How can all children have adequate access to quality early childhood development and care?
What’s the Problem?
Cost is only one component of measuring whether Australia’s young children have adequate access to early childhood education. Other factors that affect a child’s access to early education include enrolment rates, the availability of places, the quality of programs, opening hours, physical locations and the responsiveness of services in meeting diverse child and family needs. There is also a question around whether there is equal access to early childhood education for families who are vulnerable or at-risk, or for children with disabilities or have special health care needs.
Even if childcare is affordable and enrolment rates are high, the quality of early childhood programs in care centres is also crucial in setting a child up for life. The skills we want to develop in our children can be amplified by high-quality programs that provide rich learning environments and age appropriate, play-based programs. Access to high-quality early education is also an incredibly powerful means of transcending disadvantage.
Given the 24/7 nature of today’s labour market, parents are also working longer and more varied hours. As such, the need for flexible and outside school hours care is also increasing. Although centre-based care is usually preferred because of the social and learning opportunities it gives children, this type of care usually lacks flexibility, such that many parents who work variable or non-standard hours, such as nurses and police, face difficulties in balancing childcare and work.
Lower rates of participation by children from culturally and linguistically diverse families have also been observed. The responsiveness of services in meeting diverse child and family needs is therefore important to overcome the barriers related to not only language, but often also income and perhaps concerns about the cultural appropriateness of services.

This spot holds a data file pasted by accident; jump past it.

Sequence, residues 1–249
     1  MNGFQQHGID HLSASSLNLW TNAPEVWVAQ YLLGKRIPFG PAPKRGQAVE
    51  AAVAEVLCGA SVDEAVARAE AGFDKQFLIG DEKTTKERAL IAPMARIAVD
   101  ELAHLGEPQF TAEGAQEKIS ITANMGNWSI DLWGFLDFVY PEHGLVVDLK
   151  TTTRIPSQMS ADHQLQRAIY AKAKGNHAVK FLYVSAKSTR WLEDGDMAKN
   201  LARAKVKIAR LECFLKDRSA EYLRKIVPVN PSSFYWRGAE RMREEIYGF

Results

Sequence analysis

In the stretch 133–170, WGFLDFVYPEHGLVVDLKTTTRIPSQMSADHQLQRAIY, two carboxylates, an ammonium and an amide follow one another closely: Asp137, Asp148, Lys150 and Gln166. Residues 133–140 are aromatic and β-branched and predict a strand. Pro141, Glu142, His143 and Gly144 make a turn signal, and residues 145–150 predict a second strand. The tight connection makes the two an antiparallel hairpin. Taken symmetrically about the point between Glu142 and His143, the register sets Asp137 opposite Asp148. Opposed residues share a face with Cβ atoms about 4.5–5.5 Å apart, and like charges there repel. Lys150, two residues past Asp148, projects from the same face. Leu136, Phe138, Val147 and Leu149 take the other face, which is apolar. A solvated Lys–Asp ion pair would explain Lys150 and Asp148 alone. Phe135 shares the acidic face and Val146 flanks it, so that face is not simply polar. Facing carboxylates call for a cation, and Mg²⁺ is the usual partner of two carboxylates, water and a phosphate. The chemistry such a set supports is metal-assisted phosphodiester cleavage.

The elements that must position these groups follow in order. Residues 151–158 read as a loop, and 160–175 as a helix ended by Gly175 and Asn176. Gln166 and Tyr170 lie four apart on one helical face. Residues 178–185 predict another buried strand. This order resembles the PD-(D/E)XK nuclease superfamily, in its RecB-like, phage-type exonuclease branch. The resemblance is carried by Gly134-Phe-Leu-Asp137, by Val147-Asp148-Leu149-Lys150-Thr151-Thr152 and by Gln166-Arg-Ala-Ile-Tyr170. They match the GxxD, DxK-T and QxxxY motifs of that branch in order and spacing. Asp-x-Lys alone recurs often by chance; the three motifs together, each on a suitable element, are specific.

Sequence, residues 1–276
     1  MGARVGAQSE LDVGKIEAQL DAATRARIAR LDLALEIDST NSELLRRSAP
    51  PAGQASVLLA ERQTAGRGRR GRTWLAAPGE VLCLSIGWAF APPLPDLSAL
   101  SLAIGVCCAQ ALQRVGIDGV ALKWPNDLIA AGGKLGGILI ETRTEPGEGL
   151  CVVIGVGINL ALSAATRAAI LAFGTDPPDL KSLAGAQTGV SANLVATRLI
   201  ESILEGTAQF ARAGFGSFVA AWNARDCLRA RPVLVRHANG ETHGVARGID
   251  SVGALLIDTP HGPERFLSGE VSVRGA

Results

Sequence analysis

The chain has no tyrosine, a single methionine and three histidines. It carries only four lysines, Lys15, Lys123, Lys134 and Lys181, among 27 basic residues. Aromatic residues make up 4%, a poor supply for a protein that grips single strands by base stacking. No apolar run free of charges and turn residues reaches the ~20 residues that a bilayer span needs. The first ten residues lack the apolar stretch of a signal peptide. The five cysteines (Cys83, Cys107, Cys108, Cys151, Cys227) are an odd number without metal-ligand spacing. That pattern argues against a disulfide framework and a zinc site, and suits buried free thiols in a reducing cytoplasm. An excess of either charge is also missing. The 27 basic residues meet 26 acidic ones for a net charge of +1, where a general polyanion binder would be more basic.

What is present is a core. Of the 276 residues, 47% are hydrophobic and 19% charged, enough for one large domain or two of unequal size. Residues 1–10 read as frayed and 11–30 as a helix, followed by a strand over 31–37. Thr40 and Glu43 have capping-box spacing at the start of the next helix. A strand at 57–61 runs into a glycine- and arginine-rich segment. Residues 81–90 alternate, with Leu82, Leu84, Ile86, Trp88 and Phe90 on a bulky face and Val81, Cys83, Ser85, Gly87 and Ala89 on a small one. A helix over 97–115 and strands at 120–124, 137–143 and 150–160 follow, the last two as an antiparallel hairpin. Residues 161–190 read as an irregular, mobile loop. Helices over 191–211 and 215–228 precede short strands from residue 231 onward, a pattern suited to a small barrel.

Different areas of Australia have different obstacles regarding access to early childhood education and care. While inner and urban areas might face long wait lists at many centres, those in remote and rural communities might experience a shortage of service centres within travelling distances as well as qualified and experienced staff.
What are your ideas on how all Australian children can have adequate access to quality early childhood development and care?
- Research has shown substantially higher impacts on children’s outcomes in classrooms that were rated high-quality. For instance, children in classrooms rated highly for ‘instructional support’ scored over three times higher on expressive language.
- Quality of early childhood education has been shown to be lower in less affluent Australian neighbourhoods, thus further entrenching disadvantage.
- Nearly one in four services experience difficulty in meeting the National Quality Framework’s ‘education program and practice’ standard which focuses on embedding children’s individual learning, exploration and identity in everyday practice
- In a survey on childcare conducted early this year, 45 per cent of parents said they found the experience of looking for care extremely difficult and frustrating. 65 per cent of respondents said they went on one or more waitlists and for 74 per cent of parents this incurred a cost of between $0-$40 per waitlist.
- Availability of childcare service providers and staff will continue to be a problem – the number of children needing care will swell to two million by 2019-20, up from 1.7 million this financial year. It is estimated that more than 1600 new long day care centres will be needed by 2020.
- The Productivity Commission found that despite the number of childcare service providers expanding substantially over the past decade and government funding into the sector having tripled, many parents still report difficulties in finding early childhood education and care at a location, price, quality and hours that they want.
- A 2014 report found that the extent to which early childhood education hours fit with parents' work hours was a very significant factor in parents' decision making about which early childhood education service to use.